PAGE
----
A group of Republican senators who objected to the election results have been called the “Sedition Caucus” and accused by Democrats of “standing with the mob”.
Eight Republican senators and over 130 of the party’s members of Congress voted against certifying election results even after the debate was shut down by rioters.
The Senate contingent led by Texas senator Ted Cruz, and Missouri senator Josh Hawley, faced demands from Democrats to resign or be expelled from the Senate.
Mr Cruz and the others condemned the violence but still objected to the certification of the results.
They argued that large numbers of voters, including many Democrats, did not have faith in the results, and therefore a commission should be established to audit them. Initially, more than a dozen Republican senators had objected, but some withdrew their protest after the siege of the Capitol.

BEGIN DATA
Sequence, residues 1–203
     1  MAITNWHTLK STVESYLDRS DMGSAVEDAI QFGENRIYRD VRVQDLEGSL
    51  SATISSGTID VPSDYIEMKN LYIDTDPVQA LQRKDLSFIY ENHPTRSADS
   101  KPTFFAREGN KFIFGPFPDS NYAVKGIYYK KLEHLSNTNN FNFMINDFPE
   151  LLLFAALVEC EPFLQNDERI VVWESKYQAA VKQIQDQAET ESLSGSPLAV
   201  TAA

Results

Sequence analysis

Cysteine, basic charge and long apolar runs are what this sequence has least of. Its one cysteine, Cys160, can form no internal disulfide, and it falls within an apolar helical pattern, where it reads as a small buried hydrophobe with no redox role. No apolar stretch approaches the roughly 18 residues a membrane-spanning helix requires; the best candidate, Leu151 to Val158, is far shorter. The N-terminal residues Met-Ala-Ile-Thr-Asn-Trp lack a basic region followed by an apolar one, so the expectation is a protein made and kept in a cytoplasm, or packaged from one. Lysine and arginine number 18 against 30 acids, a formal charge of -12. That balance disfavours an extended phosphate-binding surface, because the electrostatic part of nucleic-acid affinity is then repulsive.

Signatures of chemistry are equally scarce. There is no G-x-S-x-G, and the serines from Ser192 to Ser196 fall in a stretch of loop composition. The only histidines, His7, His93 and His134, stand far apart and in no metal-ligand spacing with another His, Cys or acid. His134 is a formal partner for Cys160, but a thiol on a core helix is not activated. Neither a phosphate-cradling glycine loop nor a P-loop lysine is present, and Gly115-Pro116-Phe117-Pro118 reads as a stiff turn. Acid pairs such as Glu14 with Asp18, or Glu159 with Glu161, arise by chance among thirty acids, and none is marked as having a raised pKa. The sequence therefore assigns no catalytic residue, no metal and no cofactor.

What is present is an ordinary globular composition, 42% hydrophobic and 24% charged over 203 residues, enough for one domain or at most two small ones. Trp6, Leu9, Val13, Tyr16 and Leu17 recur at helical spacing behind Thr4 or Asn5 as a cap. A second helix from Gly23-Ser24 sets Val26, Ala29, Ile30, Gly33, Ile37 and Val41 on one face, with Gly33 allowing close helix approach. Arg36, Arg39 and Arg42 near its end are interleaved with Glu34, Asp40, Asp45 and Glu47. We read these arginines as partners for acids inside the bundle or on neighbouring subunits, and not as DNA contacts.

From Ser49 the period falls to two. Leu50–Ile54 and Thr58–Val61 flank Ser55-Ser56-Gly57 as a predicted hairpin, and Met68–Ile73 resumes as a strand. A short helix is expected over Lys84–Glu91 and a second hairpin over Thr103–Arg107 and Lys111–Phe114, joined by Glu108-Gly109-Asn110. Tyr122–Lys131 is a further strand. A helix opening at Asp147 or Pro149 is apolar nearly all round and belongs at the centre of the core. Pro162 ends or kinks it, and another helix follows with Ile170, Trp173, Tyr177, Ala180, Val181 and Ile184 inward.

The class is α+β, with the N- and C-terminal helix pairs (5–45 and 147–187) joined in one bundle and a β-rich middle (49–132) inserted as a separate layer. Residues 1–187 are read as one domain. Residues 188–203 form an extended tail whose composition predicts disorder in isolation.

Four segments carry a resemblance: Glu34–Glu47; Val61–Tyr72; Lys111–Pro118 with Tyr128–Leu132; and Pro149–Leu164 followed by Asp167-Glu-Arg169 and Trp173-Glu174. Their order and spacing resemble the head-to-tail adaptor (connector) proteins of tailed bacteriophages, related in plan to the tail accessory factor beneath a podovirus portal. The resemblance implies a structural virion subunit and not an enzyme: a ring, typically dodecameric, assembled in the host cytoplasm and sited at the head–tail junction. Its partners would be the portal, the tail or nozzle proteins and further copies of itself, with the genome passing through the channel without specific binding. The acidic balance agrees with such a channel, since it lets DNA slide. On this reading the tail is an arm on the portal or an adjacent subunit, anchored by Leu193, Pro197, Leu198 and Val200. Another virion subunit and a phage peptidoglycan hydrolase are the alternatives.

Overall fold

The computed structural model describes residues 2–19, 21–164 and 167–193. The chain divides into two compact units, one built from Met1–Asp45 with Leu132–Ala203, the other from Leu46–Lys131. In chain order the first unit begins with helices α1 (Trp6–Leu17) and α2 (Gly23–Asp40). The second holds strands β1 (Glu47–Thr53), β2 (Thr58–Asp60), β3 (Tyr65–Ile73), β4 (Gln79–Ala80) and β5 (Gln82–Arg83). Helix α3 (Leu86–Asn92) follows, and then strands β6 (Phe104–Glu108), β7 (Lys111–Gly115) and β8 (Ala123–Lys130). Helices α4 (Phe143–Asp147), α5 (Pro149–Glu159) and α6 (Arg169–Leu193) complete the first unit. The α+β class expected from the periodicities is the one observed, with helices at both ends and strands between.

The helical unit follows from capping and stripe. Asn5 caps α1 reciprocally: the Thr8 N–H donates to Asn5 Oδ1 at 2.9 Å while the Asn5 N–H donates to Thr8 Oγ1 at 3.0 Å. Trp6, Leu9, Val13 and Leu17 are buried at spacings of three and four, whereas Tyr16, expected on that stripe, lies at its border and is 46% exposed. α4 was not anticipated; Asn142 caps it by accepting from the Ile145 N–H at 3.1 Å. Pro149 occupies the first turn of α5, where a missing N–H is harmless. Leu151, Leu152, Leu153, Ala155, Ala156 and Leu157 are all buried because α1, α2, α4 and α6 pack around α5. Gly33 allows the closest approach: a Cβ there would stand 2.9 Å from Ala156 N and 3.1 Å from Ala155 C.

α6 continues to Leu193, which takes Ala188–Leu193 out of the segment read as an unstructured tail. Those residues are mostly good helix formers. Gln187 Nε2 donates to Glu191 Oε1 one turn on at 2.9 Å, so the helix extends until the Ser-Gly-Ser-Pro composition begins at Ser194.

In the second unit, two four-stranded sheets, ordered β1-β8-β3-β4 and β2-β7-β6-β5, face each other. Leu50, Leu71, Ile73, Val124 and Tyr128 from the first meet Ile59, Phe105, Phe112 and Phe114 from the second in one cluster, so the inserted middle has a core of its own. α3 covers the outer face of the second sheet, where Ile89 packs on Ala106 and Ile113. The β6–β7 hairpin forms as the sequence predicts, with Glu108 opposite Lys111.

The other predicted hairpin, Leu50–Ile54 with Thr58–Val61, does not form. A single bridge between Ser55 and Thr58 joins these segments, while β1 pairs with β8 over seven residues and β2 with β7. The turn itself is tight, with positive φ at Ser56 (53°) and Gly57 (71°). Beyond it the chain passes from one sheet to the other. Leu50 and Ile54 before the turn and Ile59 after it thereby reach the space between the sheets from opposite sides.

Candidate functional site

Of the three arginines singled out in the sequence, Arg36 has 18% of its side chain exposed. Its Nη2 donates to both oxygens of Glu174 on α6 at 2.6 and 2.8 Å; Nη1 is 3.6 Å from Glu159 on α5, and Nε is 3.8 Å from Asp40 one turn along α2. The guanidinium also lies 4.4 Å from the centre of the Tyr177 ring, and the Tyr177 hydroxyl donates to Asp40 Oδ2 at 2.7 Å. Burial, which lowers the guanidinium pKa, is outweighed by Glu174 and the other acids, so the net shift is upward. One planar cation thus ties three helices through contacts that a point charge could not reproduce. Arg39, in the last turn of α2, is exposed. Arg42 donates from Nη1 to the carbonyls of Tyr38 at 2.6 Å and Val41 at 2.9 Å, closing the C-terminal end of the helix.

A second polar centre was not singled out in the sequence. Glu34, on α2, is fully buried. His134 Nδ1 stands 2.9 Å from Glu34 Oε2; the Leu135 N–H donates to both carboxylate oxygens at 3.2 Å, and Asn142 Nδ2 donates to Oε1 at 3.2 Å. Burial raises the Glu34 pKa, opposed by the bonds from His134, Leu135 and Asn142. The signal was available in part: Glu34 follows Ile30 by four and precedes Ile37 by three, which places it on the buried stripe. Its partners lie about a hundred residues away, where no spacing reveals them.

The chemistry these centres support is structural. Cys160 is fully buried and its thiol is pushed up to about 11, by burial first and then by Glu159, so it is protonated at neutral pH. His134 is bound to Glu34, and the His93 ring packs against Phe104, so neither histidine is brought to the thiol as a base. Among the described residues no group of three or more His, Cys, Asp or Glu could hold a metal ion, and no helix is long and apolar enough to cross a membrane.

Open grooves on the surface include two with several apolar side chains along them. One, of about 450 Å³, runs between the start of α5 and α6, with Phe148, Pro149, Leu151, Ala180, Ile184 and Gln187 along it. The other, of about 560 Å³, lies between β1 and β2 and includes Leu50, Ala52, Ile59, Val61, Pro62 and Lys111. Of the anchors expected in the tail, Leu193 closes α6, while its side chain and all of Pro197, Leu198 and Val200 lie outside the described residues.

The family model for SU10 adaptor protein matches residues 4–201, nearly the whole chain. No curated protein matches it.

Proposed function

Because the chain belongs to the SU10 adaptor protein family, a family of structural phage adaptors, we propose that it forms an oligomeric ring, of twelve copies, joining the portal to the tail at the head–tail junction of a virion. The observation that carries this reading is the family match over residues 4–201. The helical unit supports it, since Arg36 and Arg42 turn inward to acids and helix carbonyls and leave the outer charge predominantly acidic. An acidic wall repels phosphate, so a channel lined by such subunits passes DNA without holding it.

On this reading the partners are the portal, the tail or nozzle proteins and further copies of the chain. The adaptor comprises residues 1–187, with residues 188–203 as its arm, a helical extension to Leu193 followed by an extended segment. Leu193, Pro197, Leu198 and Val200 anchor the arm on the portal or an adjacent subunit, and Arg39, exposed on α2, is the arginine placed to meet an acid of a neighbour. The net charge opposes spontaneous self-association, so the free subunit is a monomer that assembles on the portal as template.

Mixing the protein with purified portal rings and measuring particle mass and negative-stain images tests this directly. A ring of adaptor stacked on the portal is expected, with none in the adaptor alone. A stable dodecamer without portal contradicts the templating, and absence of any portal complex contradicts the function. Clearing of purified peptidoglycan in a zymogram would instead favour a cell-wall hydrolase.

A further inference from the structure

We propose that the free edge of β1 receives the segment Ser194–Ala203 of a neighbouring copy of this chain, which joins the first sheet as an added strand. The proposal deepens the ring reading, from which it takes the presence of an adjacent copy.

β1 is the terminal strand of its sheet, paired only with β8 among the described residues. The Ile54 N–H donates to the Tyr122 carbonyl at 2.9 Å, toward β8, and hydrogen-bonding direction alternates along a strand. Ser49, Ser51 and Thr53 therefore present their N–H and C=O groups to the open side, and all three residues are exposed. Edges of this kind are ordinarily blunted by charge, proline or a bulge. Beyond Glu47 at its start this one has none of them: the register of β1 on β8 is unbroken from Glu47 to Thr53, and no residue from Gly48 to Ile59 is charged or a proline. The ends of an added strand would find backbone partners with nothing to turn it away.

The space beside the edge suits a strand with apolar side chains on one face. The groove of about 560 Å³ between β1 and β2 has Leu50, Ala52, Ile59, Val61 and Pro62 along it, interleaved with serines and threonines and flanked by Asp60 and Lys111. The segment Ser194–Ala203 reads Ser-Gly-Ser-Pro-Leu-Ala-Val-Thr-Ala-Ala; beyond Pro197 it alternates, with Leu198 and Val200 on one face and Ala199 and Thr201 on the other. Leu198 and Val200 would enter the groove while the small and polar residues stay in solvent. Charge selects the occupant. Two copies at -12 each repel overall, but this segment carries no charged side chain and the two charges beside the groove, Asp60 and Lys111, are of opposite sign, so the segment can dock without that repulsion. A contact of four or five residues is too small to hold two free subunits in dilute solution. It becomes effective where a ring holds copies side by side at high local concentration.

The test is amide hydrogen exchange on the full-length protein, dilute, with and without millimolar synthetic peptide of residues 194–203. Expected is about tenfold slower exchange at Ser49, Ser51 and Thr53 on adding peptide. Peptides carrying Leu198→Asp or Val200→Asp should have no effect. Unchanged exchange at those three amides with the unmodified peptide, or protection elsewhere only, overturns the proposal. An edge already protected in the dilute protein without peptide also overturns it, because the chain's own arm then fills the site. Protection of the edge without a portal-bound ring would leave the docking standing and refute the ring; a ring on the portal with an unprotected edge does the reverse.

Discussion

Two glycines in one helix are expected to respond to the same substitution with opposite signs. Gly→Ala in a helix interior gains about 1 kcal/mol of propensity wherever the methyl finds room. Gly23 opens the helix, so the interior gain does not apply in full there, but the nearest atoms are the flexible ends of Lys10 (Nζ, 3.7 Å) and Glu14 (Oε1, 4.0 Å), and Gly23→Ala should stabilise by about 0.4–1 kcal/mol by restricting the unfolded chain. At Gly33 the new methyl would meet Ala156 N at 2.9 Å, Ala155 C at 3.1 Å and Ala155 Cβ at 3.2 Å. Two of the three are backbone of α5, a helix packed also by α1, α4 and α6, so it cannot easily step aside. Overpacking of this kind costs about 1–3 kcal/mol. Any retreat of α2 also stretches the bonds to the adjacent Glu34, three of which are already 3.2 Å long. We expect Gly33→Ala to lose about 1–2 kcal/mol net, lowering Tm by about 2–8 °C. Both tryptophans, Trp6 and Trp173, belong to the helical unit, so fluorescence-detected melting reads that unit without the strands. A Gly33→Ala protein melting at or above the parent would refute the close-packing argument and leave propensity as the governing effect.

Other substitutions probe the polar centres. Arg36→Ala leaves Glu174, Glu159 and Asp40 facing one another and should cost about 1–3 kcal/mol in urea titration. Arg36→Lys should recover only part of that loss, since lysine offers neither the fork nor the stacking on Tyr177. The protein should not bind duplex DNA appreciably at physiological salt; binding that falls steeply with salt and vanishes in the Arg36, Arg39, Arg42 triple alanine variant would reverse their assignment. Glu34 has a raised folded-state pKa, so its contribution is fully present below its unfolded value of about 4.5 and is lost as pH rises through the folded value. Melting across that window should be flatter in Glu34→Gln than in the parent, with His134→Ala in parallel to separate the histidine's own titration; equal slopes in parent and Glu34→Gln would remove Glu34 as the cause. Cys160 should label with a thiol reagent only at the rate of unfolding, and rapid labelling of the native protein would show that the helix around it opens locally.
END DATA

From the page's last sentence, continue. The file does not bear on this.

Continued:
Those included Oklahoma senator James Lankford, who was speaking on the Senate floor when it was shut down.
On his return hours later a stunned-looking Mr Lankford said: “I was literally interrupted mid-sentence speaking here…peaceful people in my state want their questions [about the election result] answered, but they don’t want this, what happened today. We must set a peaceful example.”
An editorial by the Kansa City Star newspaper in Missouri said Mr Hawley had “blood on his hands”.
Claire McCaskill, a former Democrat senator from Missouri, said the “Sedition Caucus” had “stood with the mob”.
Beto O’Rourke, the Democrat who ran against Mr Cruz in Texas in 2018, said: “It is your self-serving attempt at sedition that has helped to inspire these terrorists and their attempted coup.”
The Texas Democratic Party called on the US justice department to investigate Mr Cruz for incitement of sedition and treason.
A party spokesman said: “Ted Cruz led a charge of the ‘Sedition Caucus’ which ignited the people who stormed the US Capitol. “Ted Cruz’s presidential ambitions are dead in the water.”
Mr Cruz and Mr Hawley are both potential candidates in the race for the 2024 Republican presidential nomination. In a statement Mr Cruz called for the rioters to be prosecuted.
He said: “The attack at the Capitol was a despicable act of terrorism and a shocking assault on our democratic system. “Now, we must come together and put this anger and division behind us.’
Mr Hawley said: “It is my responsibility as a senator to raise their (my constituents’) concerns.”